If the Home Run Derby looks like mere fun and games, that’s OK, because, well, it is fun and games. All of the All-Stars, children by their sides, fill foul territory. Tens of thousands of fans fill the stands. Homer landing spots turn into mosh pits. Everyone gawks at the massive dingers. Compared to the sometimes-stuffy environment of a major-league game, the Home Run Derby appears to be a relaxed twilight zone.
But don’t let that fool you. The Derby is an intense, wildly competitive setting that at least some sluggers treat with all of the seriousness of an actual game — and this year even more so, with the winner getting $1 million.
Take it from Robinson Cano, who won in 2011, and Todd Frazier, the 2015 champ. They have participated in the homer-hitting competition a combined seven times, thus enabling them to impart wisdom to Mets rookie Pete Alonso and his cousin/thrower, Derek Morgan.
Alonso, reigning NL MVP Christian Yelich and 20-year-old Vladimir Guerrero Jr. highlight this year’s edition Monday night at Progressive Field in Cleveland. He will face the Indians’ Carlos Santana in the first round.
“All you’re trying to do is have fun,” Cano said. “But it is intense. It is. Oh, it is. You got TV, you got fans, you got the clock, you got guys in front of you [taking their turn hitting].”
Alonso recently approached Frazier for advice, a request he was happy to accommodate. Frazier’s keys to Derby success: swing at everything, conserve energy and don’t forget to breathe.
Oh, and drink an entire bottle of Pedialyte between each round. “Drink as much fluids as possible,” Frazier said. “And afterward, well, you can drink whatever you want after that.”
Repeatedly hitting baseballs very far is exhausting, Frazier warned.
“Focus on your breathing, because you’re going to get tired,” he said. “I don’t care what anybody says. After the first round, you’ll be like, holy [expletive]. You’re going to catch a second wind after the second round [before the finals], because you’re going to be amped up. Third round, it’s going to be a battle of who wants it more.
“When you’re in the cage warming up, don’t try to crush the ball. Just touch the ball. When I was in the cage, I was playing pepper. I just wanted to stay loose.”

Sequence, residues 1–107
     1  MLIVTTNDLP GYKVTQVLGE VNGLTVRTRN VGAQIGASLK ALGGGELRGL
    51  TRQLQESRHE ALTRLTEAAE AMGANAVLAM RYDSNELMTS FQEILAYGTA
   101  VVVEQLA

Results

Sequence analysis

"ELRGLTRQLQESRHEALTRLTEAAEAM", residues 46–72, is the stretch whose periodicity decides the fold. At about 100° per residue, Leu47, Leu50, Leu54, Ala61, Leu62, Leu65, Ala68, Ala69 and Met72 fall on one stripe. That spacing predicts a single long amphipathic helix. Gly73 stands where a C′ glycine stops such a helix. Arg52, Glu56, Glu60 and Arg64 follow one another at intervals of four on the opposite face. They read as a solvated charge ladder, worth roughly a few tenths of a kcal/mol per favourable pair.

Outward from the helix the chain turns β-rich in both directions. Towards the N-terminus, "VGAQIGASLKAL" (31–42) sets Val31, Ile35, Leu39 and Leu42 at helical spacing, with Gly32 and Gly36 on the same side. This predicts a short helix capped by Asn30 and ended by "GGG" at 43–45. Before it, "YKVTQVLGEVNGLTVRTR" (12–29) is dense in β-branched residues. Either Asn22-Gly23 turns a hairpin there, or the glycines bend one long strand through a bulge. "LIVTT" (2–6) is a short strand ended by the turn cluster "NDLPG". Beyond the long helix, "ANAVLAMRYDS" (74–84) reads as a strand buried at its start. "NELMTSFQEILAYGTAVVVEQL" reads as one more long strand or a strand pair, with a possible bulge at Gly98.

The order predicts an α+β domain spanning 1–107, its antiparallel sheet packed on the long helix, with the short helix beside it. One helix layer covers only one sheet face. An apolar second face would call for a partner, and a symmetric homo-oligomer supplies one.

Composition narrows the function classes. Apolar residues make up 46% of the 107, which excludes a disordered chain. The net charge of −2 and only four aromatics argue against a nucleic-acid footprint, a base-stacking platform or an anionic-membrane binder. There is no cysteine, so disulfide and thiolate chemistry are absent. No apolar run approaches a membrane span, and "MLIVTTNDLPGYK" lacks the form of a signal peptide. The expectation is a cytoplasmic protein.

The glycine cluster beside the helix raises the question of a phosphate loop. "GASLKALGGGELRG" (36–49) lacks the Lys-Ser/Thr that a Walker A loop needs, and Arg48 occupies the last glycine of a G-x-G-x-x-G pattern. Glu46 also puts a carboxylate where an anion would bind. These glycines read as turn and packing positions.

As important as Alonso’s brute strength is Morgan’s preparedness. With Morgan in town this week — he and Alonso practiced at Citi Field before the Yankees games — Cano offered advice: Find Alonso’s sweet spot.
“Go where his strength is, and that makes it easier for him,” he said. “You gotta throw where he has power — low, high, away, inside — that’s where you need to put the ball. Just focus on that.”
Added Frazier: “I told [Alonso], swing at everything. I don’t care if he misses one, because guess what, you just might hit one out. And be ready. I told him, your guy who’s pitching, make sure he has three balls in his hands ready to go. After every pitch, don’t watch any ball, be ready to pitch. You can watch the highlights after.”
And then there are park-specific considerations. Generally, Frazier said it’s a good idea to try to go down the lines. For Cleveland, Frazier told Alonso to take aim at right-center, an approach Cano agreed with, given that the leftfield wall is 19 feet tall.
Then again, even the deepest parts of the biggest fields haven’t contained Alonso. “Pete can hit it out anywhere,” Cano said. “Strong [expletive] guy.”
Home Run Derby
Monday at Cleveland’s Progressive Field
(Numbers in parenthesis are home run totals through Tuesday)
Christian Yelich, Brewers (31 HR) vs. Vladimir Guerrero Jr. (8 HR), Blue Jays
Alex Bregman, Astros (23 HR) vs. Joc Pederson, Dodgers (20 HR)
Pete Alonso, Mets (28 HR) vs. Carlos Santana, Indians (19 HR)
Josh Bell, Pirates (26 HR) vs. Ronald Acuna Jr., Braves (20 HR)